How To Perform a Structural Edit If You Write a Frankenstein

structural edit

Sometimes I write a Frankenstein piece.

It looks fine until I notice that arms sprout where the legs should be – and unfortunately I forgot to attach a neck.

I don’t always notice that straight away. Why? Because when I finish writing a piece, I’m in love with it. I adore it. It’s great. No, not just great: it’s brilliant!

…Until the next day…

Next day I’m shocked to see that my piece needs intense reconstruction. What happened? Overnight I took off my writer’s wings and donned the editor’s white coat and stethoscope.

Let’s say that you are ready to do the same. What now?

Those of you who can wave a First Aid certificate will know. First you do triage. Find out whether it’s a case of CPR or whether a plaster will do. Is it an oh-gawd-this-just-doesn’t-hang-together-at-all piece? Or is it a well-this-will-only-need-a-tweak piece?

In the following I’ll focus on how to get a piece to hang together. It’s about structural editing, or, how to reverse engineer a piece. Structural editing makes sure that all the bones of a piece are in the right place.

How to Perform a Structural Edit to Rescue a Piece

1. Reassemble the Bones

  • Write down each point of your article in its shortest form.
  • Re-arrange the points into headings and subheadings.
  • Add missing points.
  • Cut and paste each part of the old article into the new structure.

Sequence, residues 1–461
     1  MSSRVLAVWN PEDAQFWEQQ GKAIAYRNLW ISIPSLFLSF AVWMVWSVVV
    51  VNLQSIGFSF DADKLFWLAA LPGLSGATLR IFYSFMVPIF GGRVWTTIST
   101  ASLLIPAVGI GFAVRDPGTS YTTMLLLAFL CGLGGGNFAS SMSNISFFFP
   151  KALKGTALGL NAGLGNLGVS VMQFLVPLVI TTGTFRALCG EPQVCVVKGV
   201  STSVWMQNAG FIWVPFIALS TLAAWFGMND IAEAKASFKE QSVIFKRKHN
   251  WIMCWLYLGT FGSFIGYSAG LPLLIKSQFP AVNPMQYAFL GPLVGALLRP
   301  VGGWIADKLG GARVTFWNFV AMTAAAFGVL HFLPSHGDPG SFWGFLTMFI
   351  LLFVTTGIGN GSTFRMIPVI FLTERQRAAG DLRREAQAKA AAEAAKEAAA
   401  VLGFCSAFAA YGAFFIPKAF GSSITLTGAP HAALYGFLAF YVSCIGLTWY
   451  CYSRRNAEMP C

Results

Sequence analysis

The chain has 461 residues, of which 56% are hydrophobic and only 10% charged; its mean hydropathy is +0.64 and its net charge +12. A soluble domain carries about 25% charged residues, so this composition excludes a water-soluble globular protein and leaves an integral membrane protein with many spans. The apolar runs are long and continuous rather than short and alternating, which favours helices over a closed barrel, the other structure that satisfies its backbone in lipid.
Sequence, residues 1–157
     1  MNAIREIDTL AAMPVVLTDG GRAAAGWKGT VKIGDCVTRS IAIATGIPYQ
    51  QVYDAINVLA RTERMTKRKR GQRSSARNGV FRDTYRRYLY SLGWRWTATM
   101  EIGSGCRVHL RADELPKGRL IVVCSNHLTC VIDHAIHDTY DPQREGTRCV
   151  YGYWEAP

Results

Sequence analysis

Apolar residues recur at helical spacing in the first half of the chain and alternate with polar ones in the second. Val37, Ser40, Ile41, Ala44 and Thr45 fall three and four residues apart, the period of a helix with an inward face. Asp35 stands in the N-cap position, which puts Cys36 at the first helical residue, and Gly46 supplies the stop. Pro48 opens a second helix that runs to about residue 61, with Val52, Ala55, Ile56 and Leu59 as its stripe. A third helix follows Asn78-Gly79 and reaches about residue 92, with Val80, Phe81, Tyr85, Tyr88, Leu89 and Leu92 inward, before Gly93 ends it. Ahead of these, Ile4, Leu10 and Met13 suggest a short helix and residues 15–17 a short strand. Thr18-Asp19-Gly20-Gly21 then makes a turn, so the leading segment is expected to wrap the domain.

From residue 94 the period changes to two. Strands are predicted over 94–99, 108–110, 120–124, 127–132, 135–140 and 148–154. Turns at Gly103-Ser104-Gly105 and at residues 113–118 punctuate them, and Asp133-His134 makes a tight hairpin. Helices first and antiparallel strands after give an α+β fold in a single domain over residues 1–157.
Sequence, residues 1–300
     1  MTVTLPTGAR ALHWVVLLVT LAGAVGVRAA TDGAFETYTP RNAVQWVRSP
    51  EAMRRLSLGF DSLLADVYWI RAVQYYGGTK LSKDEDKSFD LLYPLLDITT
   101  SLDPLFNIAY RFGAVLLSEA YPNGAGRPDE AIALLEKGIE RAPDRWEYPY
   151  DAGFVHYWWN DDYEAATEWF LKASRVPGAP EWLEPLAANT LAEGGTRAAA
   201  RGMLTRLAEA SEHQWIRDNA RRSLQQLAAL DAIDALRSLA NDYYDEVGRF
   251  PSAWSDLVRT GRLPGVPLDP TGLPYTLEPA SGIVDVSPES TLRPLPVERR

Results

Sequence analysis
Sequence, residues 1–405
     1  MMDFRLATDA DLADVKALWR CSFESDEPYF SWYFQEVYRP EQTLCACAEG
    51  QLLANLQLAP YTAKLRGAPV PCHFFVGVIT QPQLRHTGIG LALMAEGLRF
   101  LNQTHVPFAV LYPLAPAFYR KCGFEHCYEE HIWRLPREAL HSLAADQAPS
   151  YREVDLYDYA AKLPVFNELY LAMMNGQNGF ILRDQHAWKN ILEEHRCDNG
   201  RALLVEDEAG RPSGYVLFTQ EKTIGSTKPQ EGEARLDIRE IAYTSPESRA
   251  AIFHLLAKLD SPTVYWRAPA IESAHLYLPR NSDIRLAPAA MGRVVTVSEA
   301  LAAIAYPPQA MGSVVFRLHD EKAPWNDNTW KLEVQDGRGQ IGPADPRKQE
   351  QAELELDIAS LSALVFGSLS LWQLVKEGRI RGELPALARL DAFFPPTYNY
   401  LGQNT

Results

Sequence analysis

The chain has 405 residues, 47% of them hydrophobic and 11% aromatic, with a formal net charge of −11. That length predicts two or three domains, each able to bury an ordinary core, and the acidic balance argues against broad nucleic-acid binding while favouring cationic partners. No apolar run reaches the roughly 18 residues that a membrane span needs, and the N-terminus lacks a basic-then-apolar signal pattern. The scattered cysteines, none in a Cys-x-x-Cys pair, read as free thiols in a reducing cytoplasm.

• Add or delete sentences to make transitions.

2. Check Your Transitions

Once you’ve got your bones right, check for smooth transitions. The reader wants to be led from one idea to the next – without any jolts. I find that transitions sometimes happen in my mind but don’t land on the page. Maybe it’s perfectly clear to me how I got from cucumbers to cataracts – but my readers might need a pathway from one to the other.

3. Make a bold entry

Before you settle on an a beginning, ask yourself if it provokes sufficient curiosity in the reader. – Leo Stein

Take a look at the start of your piece. There are two questions you need to pose:

  • Does it grab your readers?
  • Does it introduce your theme?

Sweep in, don’t creep in! Make sure that you jump right in with your first sentence.

 

4.  End on a high note

Check out your ending.

  • Do you fizzle out?
  • Do you cut off in mid-stream?
  • Do you wrap up your theme?

It’s important to wrap up your piece and hand it to your readers at the end. Don’t just throw it at them and walk away!

When you look at these four points, you’ll understand that a structural edit can rescue a bad piece, as well as enhance a good one.

There are two strategies you can use to improve the structure of your writing. The first one is to plan your piece before you write it.  And the second one is to analyze articles by other authors with the eyes of a structural editor.

Ask: is it a Frankenstein, or does it skip, dance, and sing?

I’d love to know whether you too have ever written a Frankenstein. Where you able to rescue it? If so, how?

 

About the author

Mary Jaksch

Mary Jaksch is best known for her exceptional training for writers at WritetoDone.com and for her cutting-edge book, Youthful Aging Secrets. In her “spare” time, Mary is also the brains behind GoodlifeZEN.com, a Zen Master, a mother, and a 5th Degree Black Belt.


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